Tasting the Ommegang Belgian Pale Ale (BPA)

If you have been following this blog, it really should be no surprise by now that I love what Brewery Ommegang creates; I’ve posted very positive reviews earlier on both their Three Philosophers Quadrupel, and the magnificent Adoration. Both of these beers are very rich and hearty though, and with summer around the corner I jumped at the chance to try Ommegang’s newest beer, their Belgian Pale Ale (BPA).

The BPA is the first in a series of six new specialty beers to be released by Ommegang in 2010, as such it was brewed in limited quantities but has spread all across the U.S. Ommegang plans to test this range of beers to create a house beer; somewhat of an entry beer; an accessible beer for the general public. The goal is to create satisfying beers with ripe flavors, moderate ABV, and at a reasonable price to try to entice non-beer aficionados to get their hands wet.

Normally I would quaff at this idea, but it does make sense. Artisan distilleries, for example, will make several vintage whiskies aged 18, 21, or more years. But they will also produce a house whisky; a “reserve”, or “select” designed to meet the needs of the entry level consumer. And for a brewery like Ommegang, whose Belgian inspired beers are all extremely flavorful, a beer like the BPA will help people walk their way into great beer rather than forcing people to dive in head first.

Ommegang claims that they have worked hard for a very long time trying to crack the code for accessible beers with distinctive character, and that the BPA has done it.

It is available right now in 750ml corked bottles, and on draft wherever it is sold. As mentioned, it has a moderate alcohol level at 6.2% abv, and regardless of the beer’s purpose and destiny, it is a Belgian Style Pale Ale brewed by some of the best American-Belgian brewers in the world. It has been brewed with five specialty malts, and hopped with Columbus, Celeia and Cascade hops. It is of course bottle conditioned using Ommegang’s signature yeast.

It was a fitting afternoon when I opened this beer, probably about 17C outside, sunny, and I was by the beach grilling some chicken wings. I opened this bottlecool, around 10C (50F) and poured it into a few tuliped glasses to share with my friends. It formed a soft golden copper beer with orange and opaque amber yellow hues. It is hazy, with a hugely airy and pillowy off white head and raised itself about two inches above the beer.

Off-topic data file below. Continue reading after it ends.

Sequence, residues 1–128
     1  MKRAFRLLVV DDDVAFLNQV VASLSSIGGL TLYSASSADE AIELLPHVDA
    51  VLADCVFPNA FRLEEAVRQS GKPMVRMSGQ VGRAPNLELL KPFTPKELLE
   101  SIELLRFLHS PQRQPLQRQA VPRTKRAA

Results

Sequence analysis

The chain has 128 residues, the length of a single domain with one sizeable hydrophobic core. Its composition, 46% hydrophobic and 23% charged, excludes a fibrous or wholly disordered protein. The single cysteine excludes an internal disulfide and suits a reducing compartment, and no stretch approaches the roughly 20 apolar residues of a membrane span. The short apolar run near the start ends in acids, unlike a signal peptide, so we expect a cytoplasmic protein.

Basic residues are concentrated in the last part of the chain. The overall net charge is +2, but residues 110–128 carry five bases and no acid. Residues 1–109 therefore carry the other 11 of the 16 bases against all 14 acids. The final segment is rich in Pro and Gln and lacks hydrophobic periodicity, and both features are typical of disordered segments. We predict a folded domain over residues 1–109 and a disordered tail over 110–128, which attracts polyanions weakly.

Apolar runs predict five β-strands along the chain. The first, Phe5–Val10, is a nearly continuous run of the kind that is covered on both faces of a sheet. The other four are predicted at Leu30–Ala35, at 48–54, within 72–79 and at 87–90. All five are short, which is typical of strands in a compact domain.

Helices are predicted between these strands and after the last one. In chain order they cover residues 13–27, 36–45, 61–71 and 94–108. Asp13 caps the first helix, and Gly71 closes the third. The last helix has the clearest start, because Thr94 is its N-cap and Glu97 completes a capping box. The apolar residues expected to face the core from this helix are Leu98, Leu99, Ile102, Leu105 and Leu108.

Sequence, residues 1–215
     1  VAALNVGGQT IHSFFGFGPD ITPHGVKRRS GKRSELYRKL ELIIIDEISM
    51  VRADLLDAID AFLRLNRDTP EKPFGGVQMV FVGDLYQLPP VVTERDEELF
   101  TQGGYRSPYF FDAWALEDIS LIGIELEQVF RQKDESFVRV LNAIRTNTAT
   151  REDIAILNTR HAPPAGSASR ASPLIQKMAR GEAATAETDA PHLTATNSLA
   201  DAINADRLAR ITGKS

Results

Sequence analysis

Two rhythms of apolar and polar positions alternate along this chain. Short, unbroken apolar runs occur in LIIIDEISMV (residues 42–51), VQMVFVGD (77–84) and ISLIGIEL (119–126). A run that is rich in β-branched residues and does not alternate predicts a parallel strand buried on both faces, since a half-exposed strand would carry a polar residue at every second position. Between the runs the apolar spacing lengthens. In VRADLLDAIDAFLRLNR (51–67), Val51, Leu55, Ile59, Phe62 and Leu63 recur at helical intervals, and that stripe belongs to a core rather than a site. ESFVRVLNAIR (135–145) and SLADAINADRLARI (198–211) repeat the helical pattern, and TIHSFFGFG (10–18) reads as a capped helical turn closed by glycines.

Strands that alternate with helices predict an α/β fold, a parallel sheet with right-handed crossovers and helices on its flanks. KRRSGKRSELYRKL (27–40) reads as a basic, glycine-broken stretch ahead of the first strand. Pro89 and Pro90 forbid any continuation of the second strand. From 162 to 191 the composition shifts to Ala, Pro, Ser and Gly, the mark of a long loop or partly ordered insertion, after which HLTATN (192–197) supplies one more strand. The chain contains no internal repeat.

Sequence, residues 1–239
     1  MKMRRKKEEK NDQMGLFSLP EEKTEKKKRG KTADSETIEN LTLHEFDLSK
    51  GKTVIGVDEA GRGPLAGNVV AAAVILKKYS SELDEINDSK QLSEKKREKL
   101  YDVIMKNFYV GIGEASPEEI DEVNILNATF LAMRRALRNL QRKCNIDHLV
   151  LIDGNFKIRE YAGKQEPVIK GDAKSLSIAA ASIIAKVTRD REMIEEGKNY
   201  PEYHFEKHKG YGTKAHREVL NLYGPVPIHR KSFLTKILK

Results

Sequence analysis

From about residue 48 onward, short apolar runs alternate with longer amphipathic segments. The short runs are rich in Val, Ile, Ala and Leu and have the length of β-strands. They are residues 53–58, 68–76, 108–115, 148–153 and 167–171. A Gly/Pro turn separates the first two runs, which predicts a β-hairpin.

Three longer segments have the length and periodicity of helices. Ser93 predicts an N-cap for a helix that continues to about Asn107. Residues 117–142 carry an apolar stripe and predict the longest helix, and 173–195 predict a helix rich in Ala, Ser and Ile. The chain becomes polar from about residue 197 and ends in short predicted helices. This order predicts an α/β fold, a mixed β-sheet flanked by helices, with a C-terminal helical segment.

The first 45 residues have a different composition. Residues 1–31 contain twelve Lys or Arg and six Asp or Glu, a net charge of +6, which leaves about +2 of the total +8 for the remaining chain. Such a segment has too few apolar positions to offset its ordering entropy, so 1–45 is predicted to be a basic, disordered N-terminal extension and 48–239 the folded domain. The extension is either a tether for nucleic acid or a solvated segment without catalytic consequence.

The nose is very classic with light citrus zest, tropical fruity esters, pale malts and a hint of herbal hops. It does have a nice bouquet of floral spice and biscuit also, but overall is not very potent, not compared to most Ommegang beers, but it is very pleasant.

I went right into the BPA and was instantly refreshed by effervescent pale malt sweetness,  floral and lightly crisp hops, the citrus zest of grapefruit and orange, and a lightly earthy yeast character. It all came in softly with elegant presence rather than aggressive power. Hops are mellow and soft, but the Cascade hops definitely add the necessary bitter and quenching characteristics which are essential to balance out malt sweetness and floral aromas.

The mouthfeel was excellent, and perfectly Belgian. Spicy to the touch, crackling and delicate carbonation, and the sting of hops makes it a great beer for the summer. The finish is light, no alcohol is noticeable, and is very refreshing. It paired perfectly with my chicken wings and beach front weather.

I do have to try to be unbiased though, because I prefer the richer more flavorful Belgian Pale Ales, however this is a very good beer. If you are just getting into the world of real beer, this is a great introduction. However, if you have been around Ommegang’s lineup before and love the hugely aromatic and massively flavorful beers, this may be too weak for you.

The next in this series is called Tripel Perfection, and is undoubtedly a Belgian style tripel. I will also be looking for one of those for a summer afternoon.

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